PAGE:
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United States Department of Agriculture

Agricultural Research Service

Research Project: IMPACT OF EARLY DIETARY FACTORS ON CHILD DEVELOPMENT AND HEALTH Title: Loss of functional NADPH oxidase-2 protects against alcohol-induced bone resorption in female p47phox-/- mice

Authors
item Mercer, Kelly -
item Sims, Clark -
item Yang, Carrie -
item Wynne, Rebecca -
item Moutos, Christopher -
item Hogue, William -
item Lumpkin, Charles -
item Suva, Larry -
item Chen, Jin-Ran -
item Badger, Thomas
item Ronis, Martin -

Submitted to: Alcoholism: Clinical and Experimental
Publication Type: Peer Reviewed Journal
Publication Acceptance Date: September 13, 2013
Publication Date: November 20, 2013
Citation: Mercer, K.E., Sims, C.R., Yang, C.S., Wynne, R.A., Moutos, C., Hogue, W.R., Lumpkin, C.K., Suva, L.J., Chen, J., Badger, T.M., Ronis, M.J. 2013. Loss of functional NADPH oxidase-2 protects against alcohol-induced bone resorption in female p47phox-/- mice. Alcoholism: Clinical and Experimental Research. 38(3):672-682.

Interpretive Summary: Chronic alcoholic drinking is a well-described risk factor for increased bone loss over one's lifetime. In previous work, we have shown that chronic feeding of alcohol to rodents increases oxidative stress in the bone, which signals for increased numbers of osteoclasts, bone-eroding cells, and decreased numbers of osteoblast, bone-forming cells, which results in more bone eaten away and less bone added to the skeleton, thus bone loss. A family of enzymes, called NADPH oxidases (Nox), is in part responsible for making the free radicals and hydrogen peroxide in these cells. To identify the Nox enzyme that is involved in alcohol-mediated increase in oxidative stress, we gave alcohol to female mice that do not have a functional Nox2 enzyme (p47phox KO). We found that loss of Nox2 enzymatic activity protected the mice from alcohol-mediated bone loss by blocking the signal for increasing osteoclast number and activity. Interestingly, loss of Nox2 enzymatic activity did not prevent the alcohol-mediated loss in bone-forming cells. Additional experiments in cell lines suggest that another family member, Nox4, may be working independently of Nox2 to signal for alcohol-mediated losses in bone-forming cells, and also working in tandem with Nox2 to signal for alcohol-mediated increases in bone erosion.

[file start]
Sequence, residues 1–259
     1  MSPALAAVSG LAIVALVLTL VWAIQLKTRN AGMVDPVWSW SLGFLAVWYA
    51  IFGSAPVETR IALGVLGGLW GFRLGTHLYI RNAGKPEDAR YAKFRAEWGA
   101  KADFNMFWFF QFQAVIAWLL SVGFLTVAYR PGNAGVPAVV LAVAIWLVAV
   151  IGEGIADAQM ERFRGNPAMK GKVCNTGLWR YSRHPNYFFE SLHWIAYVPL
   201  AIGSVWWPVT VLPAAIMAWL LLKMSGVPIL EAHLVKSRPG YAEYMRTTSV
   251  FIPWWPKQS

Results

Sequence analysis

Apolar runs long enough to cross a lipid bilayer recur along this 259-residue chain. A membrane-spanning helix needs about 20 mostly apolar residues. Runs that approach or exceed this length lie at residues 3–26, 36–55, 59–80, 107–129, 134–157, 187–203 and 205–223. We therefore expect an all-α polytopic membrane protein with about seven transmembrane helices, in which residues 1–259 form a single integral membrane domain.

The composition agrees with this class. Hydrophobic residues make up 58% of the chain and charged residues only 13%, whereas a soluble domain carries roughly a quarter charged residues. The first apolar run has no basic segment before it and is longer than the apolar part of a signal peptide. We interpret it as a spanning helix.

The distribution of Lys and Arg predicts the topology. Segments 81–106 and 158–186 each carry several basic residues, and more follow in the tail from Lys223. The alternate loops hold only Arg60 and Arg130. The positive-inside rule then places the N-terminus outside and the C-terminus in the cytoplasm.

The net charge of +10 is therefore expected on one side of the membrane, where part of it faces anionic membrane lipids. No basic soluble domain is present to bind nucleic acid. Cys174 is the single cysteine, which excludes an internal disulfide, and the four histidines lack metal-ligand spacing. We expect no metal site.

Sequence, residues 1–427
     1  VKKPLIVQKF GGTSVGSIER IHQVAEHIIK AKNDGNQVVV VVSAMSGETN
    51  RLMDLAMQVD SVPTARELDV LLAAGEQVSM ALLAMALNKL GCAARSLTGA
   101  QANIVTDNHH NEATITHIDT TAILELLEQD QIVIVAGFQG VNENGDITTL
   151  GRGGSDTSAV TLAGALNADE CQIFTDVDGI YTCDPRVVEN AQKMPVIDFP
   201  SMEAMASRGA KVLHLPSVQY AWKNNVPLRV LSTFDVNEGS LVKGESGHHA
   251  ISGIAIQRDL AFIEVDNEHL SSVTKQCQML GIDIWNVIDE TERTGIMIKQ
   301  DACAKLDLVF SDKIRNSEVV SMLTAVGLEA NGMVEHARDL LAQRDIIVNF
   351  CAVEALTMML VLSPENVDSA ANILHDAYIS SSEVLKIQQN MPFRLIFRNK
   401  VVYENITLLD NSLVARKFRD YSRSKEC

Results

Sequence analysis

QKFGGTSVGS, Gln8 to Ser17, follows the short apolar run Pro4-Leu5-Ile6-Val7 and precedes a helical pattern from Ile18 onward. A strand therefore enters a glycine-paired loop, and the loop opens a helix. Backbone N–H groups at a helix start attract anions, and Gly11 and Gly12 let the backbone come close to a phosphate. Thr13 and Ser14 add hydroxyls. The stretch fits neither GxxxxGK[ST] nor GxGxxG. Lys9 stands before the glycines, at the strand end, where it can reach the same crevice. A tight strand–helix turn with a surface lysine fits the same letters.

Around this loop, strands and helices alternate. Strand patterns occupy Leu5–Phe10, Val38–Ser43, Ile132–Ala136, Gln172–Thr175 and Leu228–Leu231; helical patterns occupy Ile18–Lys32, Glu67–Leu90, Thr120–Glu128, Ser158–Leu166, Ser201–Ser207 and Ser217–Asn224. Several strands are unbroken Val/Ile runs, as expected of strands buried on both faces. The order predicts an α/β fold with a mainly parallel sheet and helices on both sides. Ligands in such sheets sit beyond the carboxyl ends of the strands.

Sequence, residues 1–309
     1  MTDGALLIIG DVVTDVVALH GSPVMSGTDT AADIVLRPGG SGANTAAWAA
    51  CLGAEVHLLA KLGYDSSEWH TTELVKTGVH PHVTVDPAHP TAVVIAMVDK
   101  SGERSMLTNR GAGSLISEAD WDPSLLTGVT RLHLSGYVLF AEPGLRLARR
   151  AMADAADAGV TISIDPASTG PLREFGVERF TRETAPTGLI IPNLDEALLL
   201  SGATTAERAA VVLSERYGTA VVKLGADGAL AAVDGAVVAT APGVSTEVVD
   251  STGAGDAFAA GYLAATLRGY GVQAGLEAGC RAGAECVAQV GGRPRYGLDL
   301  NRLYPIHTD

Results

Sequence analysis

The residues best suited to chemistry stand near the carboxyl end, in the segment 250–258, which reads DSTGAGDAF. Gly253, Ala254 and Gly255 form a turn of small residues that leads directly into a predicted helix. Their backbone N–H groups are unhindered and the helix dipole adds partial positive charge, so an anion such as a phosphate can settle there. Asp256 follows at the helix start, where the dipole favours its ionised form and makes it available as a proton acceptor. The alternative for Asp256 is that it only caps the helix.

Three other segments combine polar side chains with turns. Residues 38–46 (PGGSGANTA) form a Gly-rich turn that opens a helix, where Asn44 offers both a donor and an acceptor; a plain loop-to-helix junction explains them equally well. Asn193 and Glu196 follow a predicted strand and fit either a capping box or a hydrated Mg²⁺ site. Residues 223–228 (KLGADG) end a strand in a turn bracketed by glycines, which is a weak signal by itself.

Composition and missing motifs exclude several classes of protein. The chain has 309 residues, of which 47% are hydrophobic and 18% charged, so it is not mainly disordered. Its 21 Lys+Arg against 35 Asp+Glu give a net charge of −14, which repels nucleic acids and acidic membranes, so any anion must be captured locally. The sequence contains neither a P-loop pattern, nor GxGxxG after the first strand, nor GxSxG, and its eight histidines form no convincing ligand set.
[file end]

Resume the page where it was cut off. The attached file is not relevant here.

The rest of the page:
Technical Abstract: In bone, oxidant signaling through NADPH oxidase (NOX)-derived reactive oxygen species (ROS) is an important stimulus for osteoclast differentiation and activity. We have previously demonstrated that chronic alcohol abuse produces bone loss through NOX-dependent mechanisms. In the current study, six-week-old female C57BL/6J-Ncf1/p47phox-/- (p47phox KO) and wild-type (WT) mice were pair-fed ethanol (EtOH) diets for 40 days to test if NOX2 is necessary for EtOH-induced bone loss. In WT mice, EtOH treatment significantly reduced bone density and mechanical strength, and significantly increased total osteoclast number and activity. In contrast, in EtOH-treated p47phoxKO mice, bone density and mechanical strength were completely preserved. Moreover, we observed no changes in osteoclast numbers or activity, and no elevations in serum CTX or gene expression of the NF'B receptor ligand (RANKL) gene expression in bone. However, in both WT and p47phox KO mice, EtOH-feeding significantly reduced biochemical markers of bone formation. In stromal ST2 cells, in vitro EtOH exposure resulted in an increase in hydrogen peroxide, which was blocked by pre-treating cells with the NOX inhibitors DPI or gliotoxin, but not plumbagin. Longer EtOH exposures produced significant increases in RANKL and NOX2 gene expression. Moreover, pre-incubations of cells with 4-methylpyrazole or plumbagin significantly reduced EtOH-induced RANKL expression. These data suggest that NOX2-derived ROS is necessary for EtOH-induced bone resorption. In osteoblasts, NOX2 and NOX4 appear to work in tandem to increase RANKL expression, whereas EtOH-mediated inhibition of bone formation occurs via a NOX2-independent mechanism.

Last Modified: 10/30/2014
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